Jumu’ah prayers

Just got back from Jumu’ah (congregational Friday prayers) and as usual my local mosque was totally packed out and there were at least a couple of hundred people praying in the car park area too. When I worked near Canary Wharf the story was the same – each week there would be many people including professionals who worked in Docklands who would be praying on the pavement because there was just no more room in the mosque. And we had three mosques within five minutes walking distance of each other and still there was not enough room.

‘O you who believe! when the call is made for prayer on Friday, then hasten to the remembrance of God and leave off business; that is better for you, if you know. And when the prayer is ended, then disperse in the land and seek of Allah’s bounty, and remember Allah much, that ye may be successful.’ (Qur’an 62:9-10)

It really is wonderful to see so many people coming to the mosque each week to acknowledge their faults and weaknesses and ask for forgiveness and help from the only One who is really able to help. Alhamdulillah.

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6 Responses to Jumu’ah prayers

  1. Ahmed says:

    Masha’Allah lovely reminder of Muslims standing rank and file behind the Imam, in order, with discipline, like a regiment, Friday Jummah has much to read between the lines and reflect upon.

    “Those who follow the apostle, the unlettered Prophet, whom they find mentioned in their own (scriptures),- in the law and the Gospel;- for he commands them what is just and forbids them what is evil; he allows them as lawful what is good (and pure) and prohibits them from what is bad (and impure); He releases them from their heavy burdens and from the yokes that are upon them. So it is those who believe in him, honour him, help him, and follow the light which is sent down with him,- it is they who will prosper.” [Al Qur’an 7:157]

    “It is not fitting for a Believer, man or woman, when a matter has been decided by Allah and His Messenger to have any option about their decision: if any one disobeys Allah and His Messenger, he is indeed on a clearly wrong Path.” [Al Qur’an 33:36]

  2. The Count of Monte Cristo in a Bubble Car says:

    Bungle, what do you think of Geert Wilder’s opening speech at his trial in the Netherlands? Brilliant, wasn’t it? I found it inspirational and dignified. Here is a man, at last, prepared to take a principled stand for free speech. Here is man prepared to point out the elephant in the room, and reveal it for the destructive violent ideology that it really is. Of course, Wilder’s trial itself is nothing more than a act of cowardly appeasement committed by some of The Netherland’s political elite. The type of spineless appeasement that acts to stop a great man like Wilders from entering the United Kingdom just because he speaks the truth, albeit an inconvenient and shocking truth. Just like another hero of mine: the beautiful and intelligent Ayaan Hirsi Ali.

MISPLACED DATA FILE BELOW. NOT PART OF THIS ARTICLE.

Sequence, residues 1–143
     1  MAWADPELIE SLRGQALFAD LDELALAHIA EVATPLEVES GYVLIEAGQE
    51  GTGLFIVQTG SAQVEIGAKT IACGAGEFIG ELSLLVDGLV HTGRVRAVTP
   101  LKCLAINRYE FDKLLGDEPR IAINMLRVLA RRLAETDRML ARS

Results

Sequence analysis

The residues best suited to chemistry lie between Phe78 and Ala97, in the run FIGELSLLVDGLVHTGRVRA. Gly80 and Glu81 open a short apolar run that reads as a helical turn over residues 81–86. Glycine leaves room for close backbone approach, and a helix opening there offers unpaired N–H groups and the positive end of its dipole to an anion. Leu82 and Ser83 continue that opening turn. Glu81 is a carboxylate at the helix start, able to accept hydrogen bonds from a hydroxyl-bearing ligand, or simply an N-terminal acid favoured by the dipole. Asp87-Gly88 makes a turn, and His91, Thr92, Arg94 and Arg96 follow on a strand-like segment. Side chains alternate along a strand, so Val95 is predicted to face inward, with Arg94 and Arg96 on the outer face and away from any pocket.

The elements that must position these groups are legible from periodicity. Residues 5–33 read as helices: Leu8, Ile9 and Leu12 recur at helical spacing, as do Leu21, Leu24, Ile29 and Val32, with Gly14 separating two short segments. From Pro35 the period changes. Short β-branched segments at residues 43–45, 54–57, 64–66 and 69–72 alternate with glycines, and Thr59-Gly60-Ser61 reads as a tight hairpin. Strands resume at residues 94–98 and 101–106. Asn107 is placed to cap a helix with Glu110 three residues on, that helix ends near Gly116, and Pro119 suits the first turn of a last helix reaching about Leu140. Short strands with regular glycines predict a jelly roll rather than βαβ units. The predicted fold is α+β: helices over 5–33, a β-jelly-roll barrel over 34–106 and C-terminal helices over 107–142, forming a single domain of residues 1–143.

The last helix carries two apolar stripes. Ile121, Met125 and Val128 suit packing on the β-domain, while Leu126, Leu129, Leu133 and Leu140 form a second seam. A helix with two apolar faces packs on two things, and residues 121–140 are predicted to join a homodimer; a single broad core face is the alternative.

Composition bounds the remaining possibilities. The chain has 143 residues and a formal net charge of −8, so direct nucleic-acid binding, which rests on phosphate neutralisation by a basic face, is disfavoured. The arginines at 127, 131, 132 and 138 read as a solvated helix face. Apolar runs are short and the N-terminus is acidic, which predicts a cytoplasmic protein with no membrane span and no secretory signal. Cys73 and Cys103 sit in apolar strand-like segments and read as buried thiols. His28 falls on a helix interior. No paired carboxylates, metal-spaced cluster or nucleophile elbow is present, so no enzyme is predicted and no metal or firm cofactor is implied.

3. Count: I find it hilarious that Geert Wilders is the leader of the ‘Freedom Party’ in the Netherlands and yet issues siren calls for the Qur’an to be banned! What an interesting conception of free speech he (and you) seem to have.

  4. The Count of Monte Cristo in a Bubble Car says:

    Inayat, I am certainly not in support of the Koran being banned; in fact, I wish more people would read it, or at least become more familiar with its contents. Whilst I cannot speak for Geert Wilders, I think it is likely that his call for the Koran to be banned was nothing more than a rhetorical device used for impact in relation to the point he was making. What is clear, Wilders certainly doesn’t want people to be ignorant of the contents of the Koran; quite the contrary.

    p.s. Inayat, I am shocked that you refer elsewhere in your blog to dear old Melanie Phillips as an “extremist”; a tad hyperbolic, wouldn’t you say? She certainly talks about extremists in her book Londistan; have you read it yet?

  5. Count: I just informed you that your hero – whom you describe as taking a ‘principled stand for free speech’ – has publicly called for the Qur’an to be banned. Your response is to say that Wilders’s call to ban the Qur’an is ‘nothing more than a rhetorical device’!

    As for Mel P: she wrote a typically loony blog a couple of weeks back referring to the recent killing of aid volunteers by Israeli commados. She said:

    ‘The more we know about this incident, the more apparent it becomes that this was a carefully pre-planned terrorist operation by the IHH to kill and capture Israeli soldiers. The ‘humanitarian aid’ was a total fig-leaf.’


    The Guardian’s John Crace did a brilliant take-down of her crap new book:


  6. The Count of Monte Cristo in a Bubble Car says:

    Inayat, with respect, anyone writing anything other than a blistering anti-Israeli tirade on any matter relating to the Jewish state would be described by yourself as a “loony”, so I’m not going to chase you on what Melanie wrote; you’ll spin your wheel and I’ll spin mine.

    On a more current topic, I see that Islamic militants have today set fire to a UN sponsored summer camp for children in Gaza. The reptiles of Hamas are in control of Gaza, and next to nothing happens there without their consent. One can only despair at the self-inflicted misery of the Palestinians living in Gaza who voted Hamas into power, and compare their situation with the thriving economy of the West Bank.

    And on a more positive note for friends of Israel, like myself, I see that at its second world congress in Vancouver, Canada, the International Trade Union Confederation has rejected calls to support the boycott, divestment and sanctions campaign targeting the Jewish state. So at least there is some evidence of sanity left in the world.

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